There has been considerable media coverage about last week’s announcement that several residents no longer will be evicted from the Little Mountain homes. Much of the coverage missed important points. To fill in the blanks, the following commentary on the history of the Little Mountain Housing evictions was provided by Vancouver urbanist and commentator Ned Jacobs, who has followed the story since the beginning:
On Thursday afternoon (Oct 25), I caught part of an interview with Vancouver City Councillor Kerry Jang on CBC Radio “On the Coast,”, about the surprise announcement regarding the Little Mountain redevelopment. Jang implied that all the tenants except these last four wanted to be relocated and that they left “willingly.” Nothing could be further from the truth. The tenants were all told they had no choice but to accept relocation, and those that signed relocation agreements first would have the best choice of available units on other BC Housing sites. As I recall, a detailed house-to-house survey undertaken by CALM in 2008 revealed that more than 75% of the tenants would have preferred to remain on the site during phased redevelopment, even if this meant moving to another unit or building.
BCH officials tried to convince the tenants and their supporters that allowing tenants to remain on site while it was developed in phases was impossible because it would supposedly be too hazardous. When we wouldn’t swallow that lie, and pointed out that it would be no less hazardous for neighbours in private homes adjacent to the site, they falsely asserted that the entire 15-acres would have to be excavated to create parking garages before any construction of homes could begin. Tenants reported numerous instances of coercion and manipulation by BCH employees to pressure them into agreeing to go to units or places—sometimes outside Vancouver—that were not suited to their needs. Many of the Little Mountain tenants had immigrated to Canada from dictatorships and were especially vulnerable to intimidation.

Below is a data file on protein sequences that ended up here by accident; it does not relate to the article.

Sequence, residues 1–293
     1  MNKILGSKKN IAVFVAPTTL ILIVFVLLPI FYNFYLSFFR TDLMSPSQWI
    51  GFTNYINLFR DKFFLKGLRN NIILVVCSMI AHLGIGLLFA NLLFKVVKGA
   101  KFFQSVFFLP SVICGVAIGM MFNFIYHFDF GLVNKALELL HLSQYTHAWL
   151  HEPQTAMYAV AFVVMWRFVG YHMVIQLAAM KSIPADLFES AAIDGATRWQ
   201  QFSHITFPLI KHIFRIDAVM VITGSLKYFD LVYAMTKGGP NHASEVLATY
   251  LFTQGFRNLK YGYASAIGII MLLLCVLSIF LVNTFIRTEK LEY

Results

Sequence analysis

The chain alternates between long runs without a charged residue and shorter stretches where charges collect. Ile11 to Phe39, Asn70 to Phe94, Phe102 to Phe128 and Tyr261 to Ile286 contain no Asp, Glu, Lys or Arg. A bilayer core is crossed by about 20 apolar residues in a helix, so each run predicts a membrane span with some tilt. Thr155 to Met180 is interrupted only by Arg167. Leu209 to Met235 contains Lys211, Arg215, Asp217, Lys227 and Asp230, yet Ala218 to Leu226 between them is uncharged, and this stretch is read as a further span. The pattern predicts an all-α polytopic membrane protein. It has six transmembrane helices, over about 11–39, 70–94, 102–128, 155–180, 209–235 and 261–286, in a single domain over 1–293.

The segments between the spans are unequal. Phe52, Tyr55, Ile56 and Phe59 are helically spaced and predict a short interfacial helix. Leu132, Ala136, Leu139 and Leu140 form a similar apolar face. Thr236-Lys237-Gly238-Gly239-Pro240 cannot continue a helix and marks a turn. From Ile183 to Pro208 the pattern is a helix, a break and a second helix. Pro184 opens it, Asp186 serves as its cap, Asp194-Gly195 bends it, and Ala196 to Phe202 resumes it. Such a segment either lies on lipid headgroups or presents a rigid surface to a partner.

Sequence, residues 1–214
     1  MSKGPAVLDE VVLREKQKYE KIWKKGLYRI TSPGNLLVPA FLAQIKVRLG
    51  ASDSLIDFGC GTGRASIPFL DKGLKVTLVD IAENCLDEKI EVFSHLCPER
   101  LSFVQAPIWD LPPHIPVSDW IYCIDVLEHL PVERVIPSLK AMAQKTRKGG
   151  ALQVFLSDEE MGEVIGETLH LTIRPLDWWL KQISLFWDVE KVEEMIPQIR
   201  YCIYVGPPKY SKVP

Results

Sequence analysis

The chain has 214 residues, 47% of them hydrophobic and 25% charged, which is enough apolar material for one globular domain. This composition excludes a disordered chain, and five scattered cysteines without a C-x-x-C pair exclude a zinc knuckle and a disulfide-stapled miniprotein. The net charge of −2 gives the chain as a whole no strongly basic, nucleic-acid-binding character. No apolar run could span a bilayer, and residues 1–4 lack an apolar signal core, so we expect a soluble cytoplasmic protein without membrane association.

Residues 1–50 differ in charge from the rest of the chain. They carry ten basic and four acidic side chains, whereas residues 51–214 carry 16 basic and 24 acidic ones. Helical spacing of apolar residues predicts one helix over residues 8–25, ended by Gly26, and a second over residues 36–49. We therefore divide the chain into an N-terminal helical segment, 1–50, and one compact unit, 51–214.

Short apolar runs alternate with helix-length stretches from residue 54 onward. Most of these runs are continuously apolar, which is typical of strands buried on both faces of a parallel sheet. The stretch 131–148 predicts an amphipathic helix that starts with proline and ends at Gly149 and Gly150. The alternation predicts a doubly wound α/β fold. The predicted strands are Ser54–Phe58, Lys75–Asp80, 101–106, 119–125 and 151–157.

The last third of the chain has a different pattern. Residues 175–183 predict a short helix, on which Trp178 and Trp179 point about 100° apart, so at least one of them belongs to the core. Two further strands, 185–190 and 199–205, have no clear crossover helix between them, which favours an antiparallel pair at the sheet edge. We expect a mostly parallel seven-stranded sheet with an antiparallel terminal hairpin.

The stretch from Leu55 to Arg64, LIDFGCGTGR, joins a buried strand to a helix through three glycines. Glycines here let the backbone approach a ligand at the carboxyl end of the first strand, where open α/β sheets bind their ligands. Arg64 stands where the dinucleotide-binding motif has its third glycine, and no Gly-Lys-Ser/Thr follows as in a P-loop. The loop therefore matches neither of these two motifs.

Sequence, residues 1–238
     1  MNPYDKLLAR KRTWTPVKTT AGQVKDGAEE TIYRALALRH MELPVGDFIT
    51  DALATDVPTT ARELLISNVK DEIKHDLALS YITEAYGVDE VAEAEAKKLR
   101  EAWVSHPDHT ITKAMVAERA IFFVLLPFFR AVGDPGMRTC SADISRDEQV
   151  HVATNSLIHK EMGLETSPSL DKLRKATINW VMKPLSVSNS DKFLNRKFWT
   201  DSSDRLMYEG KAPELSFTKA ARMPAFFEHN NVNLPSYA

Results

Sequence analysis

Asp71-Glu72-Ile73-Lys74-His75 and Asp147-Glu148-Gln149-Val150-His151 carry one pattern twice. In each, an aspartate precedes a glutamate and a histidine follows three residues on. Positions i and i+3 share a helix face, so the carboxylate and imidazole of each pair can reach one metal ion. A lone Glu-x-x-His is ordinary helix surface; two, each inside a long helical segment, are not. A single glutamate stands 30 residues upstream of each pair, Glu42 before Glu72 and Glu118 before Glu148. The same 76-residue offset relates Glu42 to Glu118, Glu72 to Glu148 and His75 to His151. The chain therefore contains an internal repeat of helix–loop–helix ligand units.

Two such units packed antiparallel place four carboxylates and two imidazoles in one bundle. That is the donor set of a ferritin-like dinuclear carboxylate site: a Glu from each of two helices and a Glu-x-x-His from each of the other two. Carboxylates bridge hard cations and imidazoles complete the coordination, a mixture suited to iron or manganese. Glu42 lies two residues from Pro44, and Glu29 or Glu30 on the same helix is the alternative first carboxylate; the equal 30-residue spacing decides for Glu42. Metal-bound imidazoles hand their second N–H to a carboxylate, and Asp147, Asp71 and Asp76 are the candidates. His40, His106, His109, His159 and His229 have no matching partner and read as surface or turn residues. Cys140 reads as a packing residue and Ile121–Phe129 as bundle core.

When BCH started to disband the Little Mountain community they assured the tenants that they would be able to return to new homes in 2010. There never was any possibility of meeting that timeline, but BCH even had this disingenuous claim on their website. By spinning it that the other tenants all left willingly and that the four remaining tenants stayed because there was difficulty in relocating them (when the real reason was that they refused to accept relocation, and B.C. Housing Minister Rich Coleman was not prepared to have them forcibly removed because of the negative publicity it would have generated), Jang is trying to enable BCH, Coleman, and Vancouver Mayor Gregor Robertson (who agreed to allow the other 220 homes to be demolished in 2009) to save face. I wouldn’t be surprised if spinning it this way was part of the understanding that was reached between the City and the Province.
I think that another reason BCH agreed to let the remaining tenants stay, and to fast-track some of the replacement units, may have been the public revelation—also on Thursday—that an internal BCH investigation had uncovered embezzlement of taxpayers’ money by BCH employees, who used special credit cards to pad expenses. The Little Mountain announcement was perfectly timed to counter this negative publicity with a “good news” story.
A detailed enquiry into all aspects of the Little Mountain travesty—including full disclosure of the deal with Holborn—is needed in order to get to the bottom of what has happened, and hopefully ensure that it doesn’t happen again.